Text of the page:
Measurement and meanings

The original version of the Life Events and Difficulties Schedule was developed to study schizophrenic episodes (29,,30) and there has since been a large amount of research dealing with psychotic patients.(31) An early achievement was to make clear that the amount of change in activity as such brought about by a life event appears to be irrelevant and that the impact of events results from their meaning. (32> It has also been clear that some attention needs also to be given to ongoing difficulties that can either be brought about by an event (e.g. the death of husband leading to financial problems), or lead to an event (e.g. a marital difficulty eventually ending in a separation).

In dealing with meaning, two perspectives have proved productive. The first is summed up by the statement that we cannot fully know the meaning of an event or set of circumstances until we relate it in some manner to our concerns. One way of conceiving of such concerns is in terms of the impact of a particular event on plans and purposes that stem from role activity caught up in the crisis: how, for example, being turned down for rehousing by a local authority thwarts a woman's wish to move from an overcrowded and damp flat to give her children 'a better start in life'.

A second perspective assumes that evolutionary-based response patterns that help to guide us in terms of what to want or to avoid are often involved, and that such behavioural systems are sensitive to a particular range of stimuli. The attachment system and fear responses are obvious examples. (33> Of course, such responses will be influenced by individual differences of various kinds and by cultural display rules concerning emotions, but there is good reason to believe that such behavioural systems are often involved in the development of psychiatric disorders. For example, the central importance in a number of cultures of 'critical comments' rather than 'dissatisfaction' in a schizophrenic relapse probably reflects an evolutionary-based sensitivity to emotionally toned criticism interacting with some constitutional predisposition to the disorder. (34>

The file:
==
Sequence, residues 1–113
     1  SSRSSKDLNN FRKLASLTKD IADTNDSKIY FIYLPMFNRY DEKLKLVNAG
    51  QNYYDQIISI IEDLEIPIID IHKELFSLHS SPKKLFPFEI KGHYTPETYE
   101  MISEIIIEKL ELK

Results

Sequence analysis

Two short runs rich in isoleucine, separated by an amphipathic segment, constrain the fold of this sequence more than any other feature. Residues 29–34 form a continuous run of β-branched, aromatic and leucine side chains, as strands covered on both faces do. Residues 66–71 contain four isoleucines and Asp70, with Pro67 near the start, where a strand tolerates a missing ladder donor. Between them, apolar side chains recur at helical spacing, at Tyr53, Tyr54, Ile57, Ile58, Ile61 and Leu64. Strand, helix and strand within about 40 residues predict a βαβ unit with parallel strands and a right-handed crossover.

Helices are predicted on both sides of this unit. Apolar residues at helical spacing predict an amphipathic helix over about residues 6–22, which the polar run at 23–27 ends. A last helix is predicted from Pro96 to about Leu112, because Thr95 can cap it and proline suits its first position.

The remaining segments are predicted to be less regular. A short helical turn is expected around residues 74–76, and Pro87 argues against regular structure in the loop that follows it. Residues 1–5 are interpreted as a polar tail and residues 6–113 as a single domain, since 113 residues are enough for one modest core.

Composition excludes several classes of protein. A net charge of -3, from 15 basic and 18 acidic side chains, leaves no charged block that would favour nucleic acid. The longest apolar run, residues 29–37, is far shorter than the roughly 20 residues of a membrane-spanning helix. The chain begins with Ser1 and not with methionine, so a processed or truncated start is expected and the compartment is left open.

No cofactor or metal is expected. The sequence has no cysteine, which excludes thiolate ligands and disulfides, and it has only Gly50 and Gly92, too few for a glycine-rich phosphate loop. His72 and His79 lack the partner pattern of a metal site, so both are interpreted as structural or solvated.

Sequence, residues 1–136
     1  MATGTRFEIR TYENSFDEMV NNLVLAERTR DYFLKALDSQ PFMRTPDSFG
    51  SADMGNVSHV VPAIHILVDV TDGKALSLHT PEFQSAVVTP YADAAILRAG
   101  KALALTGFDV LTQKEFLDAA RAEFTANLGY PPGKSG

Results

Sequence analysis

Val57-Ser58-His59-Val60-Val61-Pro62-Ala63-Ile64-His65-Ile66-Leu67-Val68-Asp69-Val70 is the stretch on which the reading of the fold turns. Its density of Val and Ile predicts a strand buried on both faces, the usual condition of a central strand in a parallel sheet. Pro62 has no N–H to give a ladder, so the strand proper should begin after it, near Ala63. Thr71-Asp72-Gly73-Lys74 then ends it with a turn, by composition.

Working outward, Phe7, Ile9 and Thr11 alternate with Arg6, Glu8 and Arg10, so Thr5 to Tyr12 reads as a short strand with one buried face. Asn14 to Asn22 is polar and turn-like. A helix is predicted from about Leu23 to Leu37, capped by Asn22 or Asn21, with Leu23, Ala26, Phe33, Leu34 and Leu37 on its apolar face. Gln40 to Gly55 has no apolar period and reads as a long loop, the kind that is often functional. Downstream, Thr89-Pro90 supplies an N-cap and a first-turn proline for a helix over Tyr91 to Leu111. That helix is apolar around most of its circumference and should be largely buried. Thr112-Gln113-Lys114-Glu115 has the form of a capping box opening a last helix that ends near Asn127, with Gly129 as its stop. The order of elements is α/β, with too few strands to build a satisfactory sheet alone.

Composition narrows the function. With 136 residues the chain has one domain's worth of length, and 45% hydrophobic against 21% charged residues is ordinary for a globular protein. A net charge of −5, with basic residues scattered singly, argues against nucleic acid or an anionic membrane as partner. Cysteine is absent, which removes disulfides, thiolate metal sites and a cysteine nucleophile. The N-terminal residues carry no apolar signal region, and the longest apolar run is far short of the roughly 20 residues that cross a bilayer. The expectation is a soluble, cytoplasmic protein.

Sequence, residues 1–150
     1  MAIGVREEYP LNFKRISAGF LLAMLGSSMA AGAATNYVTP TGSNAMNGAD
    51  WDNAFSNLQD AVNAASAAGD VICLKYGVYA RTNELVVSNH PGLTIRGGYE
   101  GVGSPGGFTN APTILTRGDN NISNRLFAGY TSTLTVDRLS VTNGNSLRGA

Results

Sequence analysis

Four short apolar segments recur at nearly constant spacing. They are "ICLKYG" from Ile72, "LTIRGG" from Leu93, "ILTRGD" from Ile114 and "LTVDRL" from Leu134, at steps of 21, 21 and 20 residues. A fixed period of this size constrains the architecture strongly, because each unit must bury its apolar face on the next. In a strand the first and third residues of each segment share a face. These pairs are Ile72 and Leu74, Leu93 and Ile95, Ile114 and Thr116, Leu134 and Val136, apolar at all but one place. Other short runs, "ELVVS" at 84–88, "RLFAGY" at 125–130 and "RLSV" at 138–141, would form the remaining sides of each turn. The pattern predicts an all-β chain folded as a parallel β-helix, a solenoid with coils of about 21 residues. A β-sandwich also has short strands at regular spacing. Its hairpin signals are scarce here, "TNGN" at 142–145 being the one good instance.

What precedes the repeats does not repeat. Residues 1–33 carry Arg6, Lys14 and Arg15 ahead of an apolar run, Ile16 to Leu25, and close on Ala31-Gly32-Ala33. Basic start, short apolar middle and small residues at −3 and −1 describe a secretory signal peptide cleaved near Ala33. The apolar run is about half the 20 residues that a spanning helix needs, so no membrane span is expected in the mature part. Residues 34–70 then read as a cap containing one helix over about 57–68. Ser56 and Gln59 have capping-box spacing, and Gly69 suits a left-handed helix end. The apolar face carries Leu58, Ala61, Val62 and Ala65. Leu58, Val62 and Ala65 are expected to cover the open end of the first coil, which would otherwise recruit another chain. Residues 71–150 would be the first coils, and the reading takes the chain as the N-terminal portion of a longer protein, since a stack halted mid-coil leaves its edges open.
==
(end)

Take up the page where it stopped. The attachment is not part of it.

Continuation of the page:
The Life Events and Difficulties Schedule deals with both kinds of meaning. Blind consensus ratings usually based on 4-point scales, made by several investigators are employed to rule out reporting artifacts using 'edited' accounts supplied by the person who carried out the interview. General as well as specific kinds of threat are rated in this way. They are contextual in the sense of taking into account a person's likely concerns of relevance for the event in so far as these can be assessed from a person's current circumstances and biography. In making such ratings no account is taken of reported feelings or whether or not a disorder followed the event. As already noted, it has been possible in this way to deal with possible bias on the part of raters. It also deals with the problem that the cognitive processes involved in the appraisal of an event are not necessarily ones a person is willing or able to report. (35> General guidelines for rating severity of threat are given in an extensive manual containing thousands of examples listed in terms of a number of event categories (such as 'demotion at work' and 'unplanned pregnancy'). A similar procedure is followed for difficulties.

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